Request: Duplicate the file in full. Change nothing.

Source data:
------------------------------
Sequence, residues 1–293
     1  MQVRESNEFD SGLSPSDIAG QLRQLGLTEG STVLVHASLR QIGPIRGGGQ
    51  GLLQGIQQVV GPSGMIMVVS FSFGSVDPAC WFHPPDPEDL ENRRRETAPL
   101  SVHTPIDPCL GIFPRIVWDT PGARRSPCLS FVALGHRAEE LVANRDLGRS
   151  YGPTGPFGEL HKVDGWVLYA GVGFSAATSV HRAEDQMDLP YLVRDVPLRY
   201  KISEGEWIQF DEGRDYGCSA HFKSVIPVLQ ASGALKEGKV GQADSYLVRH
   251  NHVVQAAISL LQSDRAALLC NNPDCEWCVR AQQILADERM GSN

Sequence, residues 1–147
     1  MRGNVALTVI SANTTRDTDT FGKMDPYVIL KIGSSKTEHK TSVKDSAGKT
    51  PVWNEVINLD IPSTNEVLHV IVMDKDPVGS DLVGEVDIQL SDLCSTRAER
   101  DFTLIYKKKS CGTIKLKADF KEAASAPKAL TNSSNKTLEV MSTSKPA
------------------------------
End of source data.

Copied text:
Sequence, residues 1–293
     1  MQVRESNEFD SGLSPSDIAG QLRQLGLTEG STVLVHASLR QIGPIRGGGQ
    51  GLLQGIQQVV GPSGMIMVVS FSFGSVDPAC WFHPPDPEDL ENRRRETAPL
   101  SVHTPIDPCL GIFPRIVWDT PGARRSPCLS FVALGHRAEE LVANRDLGRS
   151  YGPTGPFGEL HKVDGWVLYA GVGFSAATSV HRAEDQMDLP YLVRDVPLRY
   201  KISEGEWIQF DEGRDYGCSA HFKSVIPVLQ ASGALKEGKV GQADSYLVRH
   251  NHVVQAAISL LQSDRAALLC NNPDCEWCVR AQQILADERM GSN

Sequence, residues 1–147
     1  MRGNVALTVI SANTTRDTDT FGKMDPYVIL KIGSSKTEHK TSVKDSAGKT
    51  PVWNEVINLD IPSTNEVLHV IVMDKDPVGS DLVGEVDIQL SDLCSTRAER
   101  DFTLIYKKKS CGTIKLKADF KEAASAPKAL TNSSNKTLEV MSTSKPA